This month, Sixth Former Justine traversed the three passes of Renjo La, Cho La and Kongma La towards Everest Base Camp all of which are in excess of 6,000 metres altitude.
The journey took three weeks during which Justine and her guide pushed themselves to the limit in this ultimate test of strength, stamina and self-sufficiency.
The trek began with a nerve-wracking flight from Kathmandu to Lukla, renowned as the world’s most dangerous airport. Dodging mountains in a tiny plane and landing on the 50m runway at nearly 3000m high proved a real test of mettle for the 16-year-old.
Following three days acclimatising to the altitude, Justine then headed out with her guide for the first pass at 5200m. She then tackled the next pass at 5300m and descended down a 37km glacier before making the arduous climb to Everest Base Camp.
Every day she met trekkers from across the world who joined forces on their various different routes, all with Everest firmly in their sights. Challenges included coping with the lack of oxygen at 5000m, traversing a glacier without crampons and sleeping as temperatures dropped to -25 degrees at night.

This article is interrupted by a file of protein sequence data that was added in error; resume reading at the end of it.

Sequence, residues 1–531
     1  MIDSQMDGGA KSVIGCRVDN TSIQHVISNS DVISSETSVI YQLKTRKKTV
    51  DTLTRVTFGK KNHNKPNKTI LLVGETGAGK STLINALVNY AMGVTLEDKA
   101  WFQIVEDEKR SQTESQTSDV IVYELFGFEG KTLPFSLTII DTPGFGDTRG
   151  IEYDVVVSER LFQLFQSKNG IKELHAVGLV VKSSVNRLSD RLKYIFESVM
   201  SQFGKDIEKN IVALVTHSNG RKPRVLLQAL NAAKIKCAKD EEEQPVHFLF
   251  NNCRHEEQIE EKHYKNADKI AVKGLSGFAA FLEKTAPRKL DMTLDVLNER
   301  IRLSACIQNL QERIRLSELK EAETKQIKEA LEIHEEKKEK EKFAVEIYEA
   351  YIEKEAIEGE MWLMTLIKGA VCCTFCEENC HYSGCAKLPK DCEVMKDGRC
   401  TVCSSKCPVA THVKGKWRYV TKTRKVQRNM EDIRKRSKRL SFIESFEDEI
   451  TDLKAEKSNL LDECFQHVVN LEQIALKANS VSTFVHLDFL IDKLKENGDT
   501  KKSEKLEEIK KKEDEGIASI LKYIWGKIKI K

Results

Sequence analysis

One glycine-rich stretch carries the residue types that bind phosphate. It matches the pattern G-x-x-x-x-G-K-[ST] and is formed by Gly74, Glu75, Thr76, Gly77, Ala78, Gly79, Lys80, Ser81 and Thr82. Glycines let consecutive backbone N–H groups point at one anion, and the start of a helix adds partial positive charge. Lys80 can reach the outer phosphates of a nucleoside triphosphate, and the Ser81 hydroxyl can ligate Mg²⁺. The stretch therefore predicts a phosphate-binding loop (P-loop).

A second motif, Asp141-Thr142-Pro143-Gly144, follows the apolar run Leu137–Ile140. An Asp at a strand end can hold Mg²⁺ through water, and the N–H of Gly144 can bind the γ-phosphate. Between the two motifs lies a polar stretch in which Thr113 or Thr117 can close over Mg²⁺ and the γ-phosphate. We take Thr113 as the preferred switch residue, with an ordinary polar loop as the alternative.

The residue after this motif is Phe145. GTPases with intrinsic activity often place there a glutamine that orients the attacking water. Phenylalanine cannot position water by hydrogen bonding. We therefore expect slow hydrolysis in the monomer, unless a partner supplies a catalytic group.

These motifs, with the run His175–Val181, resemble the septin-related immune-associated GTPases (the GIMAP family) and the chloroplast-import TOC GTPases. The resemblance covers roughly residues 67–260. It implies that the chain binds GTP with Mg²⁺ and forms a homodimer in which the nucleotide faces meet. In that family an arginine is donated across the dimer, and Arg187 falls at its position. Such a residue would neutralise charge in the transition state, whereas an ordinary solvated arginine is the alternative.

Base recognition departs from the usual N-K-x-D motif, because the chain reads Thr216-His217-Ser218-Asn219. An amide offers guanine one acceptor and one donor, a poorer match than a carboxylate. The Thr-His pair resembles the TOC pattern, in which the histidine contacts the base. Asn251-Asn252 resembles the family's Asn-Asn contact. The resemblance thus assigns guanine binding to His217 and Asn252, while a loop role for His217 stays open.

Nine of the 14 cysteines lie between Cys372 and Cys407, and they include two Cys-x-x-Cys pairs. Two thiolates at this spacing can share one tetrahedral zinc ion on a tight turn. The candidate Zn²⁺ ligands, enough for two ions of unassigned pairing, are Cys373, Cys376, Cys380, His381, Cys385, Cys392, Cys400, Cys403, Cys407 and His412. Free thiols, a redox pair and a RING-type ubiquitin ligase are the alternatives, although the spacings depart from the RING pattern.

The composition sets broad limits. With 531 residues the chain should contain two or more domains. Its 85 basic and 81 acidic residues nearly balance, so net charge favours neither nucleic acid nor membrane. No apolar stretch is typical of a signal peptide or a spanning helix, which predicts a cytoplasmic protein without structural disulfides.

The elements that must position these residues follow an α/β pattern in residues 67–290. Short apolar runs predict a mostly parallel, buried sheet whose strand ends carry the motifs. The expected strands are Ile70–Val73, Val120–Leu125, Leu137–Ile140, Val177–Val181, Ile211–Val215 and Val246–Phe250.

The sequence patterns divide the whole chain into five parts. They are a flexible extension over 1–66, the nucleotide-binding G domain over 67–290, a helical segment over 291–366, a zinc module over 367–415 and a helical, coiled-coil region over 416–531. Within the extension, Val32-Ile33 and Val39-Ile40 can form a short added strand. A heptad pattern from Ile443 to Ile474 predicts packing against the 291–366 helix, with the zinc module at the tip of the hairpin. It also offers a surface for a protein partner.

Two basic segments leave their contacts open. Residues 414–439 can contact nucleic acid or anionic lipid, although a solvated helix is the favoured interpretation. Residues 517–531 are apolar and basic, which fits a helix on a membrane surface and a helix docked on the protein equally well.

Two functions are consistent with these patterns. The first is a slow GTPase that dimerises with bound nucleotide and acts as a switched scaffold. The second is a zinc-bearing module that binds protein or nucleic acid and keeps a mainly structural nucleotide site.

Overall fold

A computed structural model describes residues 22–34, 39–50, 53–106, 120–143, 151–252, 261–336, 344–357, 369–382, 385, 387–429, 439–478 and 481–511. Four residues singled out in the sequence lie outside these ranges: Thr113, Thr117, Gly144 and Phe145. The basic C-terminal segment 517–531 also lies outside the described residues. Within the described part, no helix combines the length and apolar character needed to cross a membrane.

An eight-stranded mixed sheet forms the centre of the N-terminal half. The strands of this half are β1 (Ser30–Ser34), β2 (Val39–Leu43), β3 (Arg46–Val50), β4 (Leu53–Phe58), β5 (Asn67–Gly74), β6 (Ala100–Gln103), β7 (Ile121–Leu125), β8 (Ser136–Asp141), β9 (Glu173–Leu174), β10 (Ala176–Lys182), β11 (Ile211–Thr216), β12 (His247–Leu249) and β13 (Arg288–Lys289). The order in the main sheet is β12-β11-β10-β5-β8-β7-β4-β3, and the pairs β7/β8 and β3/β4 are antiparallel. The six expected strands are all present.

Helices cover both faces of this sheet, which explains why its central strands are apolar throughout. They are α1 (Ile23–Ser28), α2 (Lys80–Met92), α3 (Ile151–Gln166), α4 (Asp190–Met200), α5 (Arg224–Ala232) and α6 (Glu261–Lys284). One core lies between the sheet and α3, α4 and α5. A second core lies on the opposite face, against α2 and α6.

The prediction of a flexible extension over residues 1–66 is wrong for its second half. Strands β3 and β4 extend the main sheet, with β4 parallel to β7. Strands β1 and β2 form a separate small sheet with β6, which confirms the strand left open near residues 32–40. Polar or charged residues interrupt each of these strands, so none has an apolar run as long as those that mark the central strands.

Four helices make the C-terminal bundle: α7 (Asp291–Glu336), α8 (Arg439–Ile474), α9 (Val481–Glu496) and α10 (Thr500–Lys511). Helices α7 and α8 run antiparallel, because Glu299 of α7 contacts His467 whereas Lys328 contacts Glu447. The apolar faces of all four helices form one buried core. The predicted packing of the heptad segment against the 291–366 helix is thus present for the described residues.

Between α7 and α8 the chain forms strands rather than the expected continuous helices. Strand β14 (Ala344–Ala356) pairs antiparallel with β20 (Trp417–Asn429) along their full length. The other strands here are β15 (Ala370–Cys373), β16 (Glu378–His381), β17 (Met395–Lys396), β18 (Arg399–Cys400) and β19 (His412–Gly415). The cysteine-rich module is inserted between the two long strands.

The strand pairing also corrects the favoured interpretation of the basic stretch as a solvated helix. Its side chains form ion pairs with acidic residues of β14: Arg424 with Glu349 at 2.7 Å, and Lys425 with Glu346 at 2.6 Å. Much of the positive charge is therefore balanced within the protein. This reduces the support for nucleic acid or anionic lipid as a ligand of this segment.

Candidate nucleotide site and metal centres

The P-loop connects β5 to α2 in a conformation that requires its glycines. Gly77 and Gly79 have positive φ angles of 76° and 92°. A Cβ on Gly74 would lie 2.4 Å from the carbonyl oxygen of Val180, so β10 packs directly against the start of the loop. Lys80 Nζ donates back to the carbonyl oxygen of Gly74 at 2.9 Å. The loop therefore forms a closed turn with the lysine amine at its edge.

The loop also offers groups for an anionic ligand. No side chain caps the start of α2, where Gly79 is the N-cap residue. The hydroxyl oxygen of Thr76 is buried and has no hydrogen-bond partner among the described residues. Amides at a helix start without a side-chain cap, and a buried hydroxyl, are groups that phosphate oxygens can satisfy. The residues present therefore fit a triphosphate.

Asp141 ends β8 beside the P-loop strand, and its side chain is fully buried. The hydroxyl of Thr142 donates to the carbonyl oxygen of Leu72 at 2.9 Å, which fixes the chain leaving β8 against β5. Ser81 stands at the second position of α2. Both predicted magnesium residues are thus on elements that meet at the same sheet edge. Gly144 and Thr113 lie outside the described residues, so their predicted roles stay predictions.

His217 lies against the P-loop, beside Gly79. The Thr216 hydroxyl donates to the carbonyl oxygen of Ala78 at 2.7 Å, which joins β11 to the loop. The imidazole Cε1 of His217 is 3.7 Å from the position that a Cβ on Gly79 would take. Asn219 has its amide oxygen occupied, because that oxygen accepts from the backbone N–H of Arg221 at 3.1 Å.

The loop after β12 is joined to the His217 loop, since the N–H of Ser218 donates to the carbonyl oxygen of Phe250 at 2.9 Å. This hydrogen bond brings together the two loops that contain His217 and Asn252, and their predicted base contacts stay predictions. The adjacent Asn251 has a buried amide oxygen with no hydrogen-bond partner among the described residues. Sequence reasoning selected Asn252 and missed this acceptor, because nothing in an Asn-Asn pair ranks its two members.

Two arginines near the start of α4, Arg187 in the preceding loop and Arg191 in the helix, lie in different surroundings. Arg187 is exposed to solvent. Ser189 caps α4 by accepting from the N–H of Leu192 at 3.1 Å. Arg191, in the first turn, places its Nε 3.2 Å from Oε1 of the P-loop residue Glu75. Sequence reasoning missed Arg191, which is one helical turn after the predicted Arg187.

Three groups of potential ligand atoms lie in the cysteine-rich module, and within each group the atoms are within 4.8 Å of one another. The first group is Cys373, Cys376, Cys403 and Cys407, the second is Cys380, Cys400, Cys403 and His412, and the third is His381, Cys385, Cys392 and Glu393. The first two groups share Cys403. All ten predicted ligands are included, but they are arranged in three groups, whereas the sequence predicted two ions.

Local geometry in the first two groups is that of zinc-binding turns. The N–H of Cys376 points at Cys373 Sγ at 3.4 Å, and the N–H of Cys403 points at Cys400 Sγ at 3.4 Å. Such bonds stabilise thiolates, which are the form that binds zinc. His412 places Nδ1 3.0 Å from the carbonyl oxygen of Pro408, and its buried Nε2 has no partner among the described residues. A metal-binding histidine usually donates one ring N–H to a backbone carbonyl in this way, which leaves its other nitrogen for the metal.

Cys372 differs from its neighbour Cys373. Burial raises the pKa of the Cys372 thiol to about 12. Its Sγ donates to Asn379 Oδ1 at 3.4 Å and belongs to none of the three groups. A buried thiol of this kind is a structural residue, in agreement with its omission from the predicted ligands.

Justine said: “It was amazing, the best three weeks of my life by far. Nobody tells you how hard it is – we weren’t quite prepared for how challenging it would be but we coped. Aside from the trek itself, the poverty and pollution in Kathmandu was really shocking. The whole experience has made me so grateful for the most basic things: heat, Wi-Fi, toilets. I can’t wait for the next trip.”
Spurred on by her incredible adventure, Justine is already busy planning her next expedition which will see her tackle America’s highest mountain, Denali, in six months’ time.
It’s all part of her plan to conquer the seven summits before the age of 20 in order to become the youngest person to have scaled the highest mountains on each of the seven continents.
Named the Lord Lieutenant’s Army Cadet of 2018, Justine continues to go from strength to strength in the Army Cadets Force as she drives towards her ultimate goal of training at Sandhurst to work in military intelligence.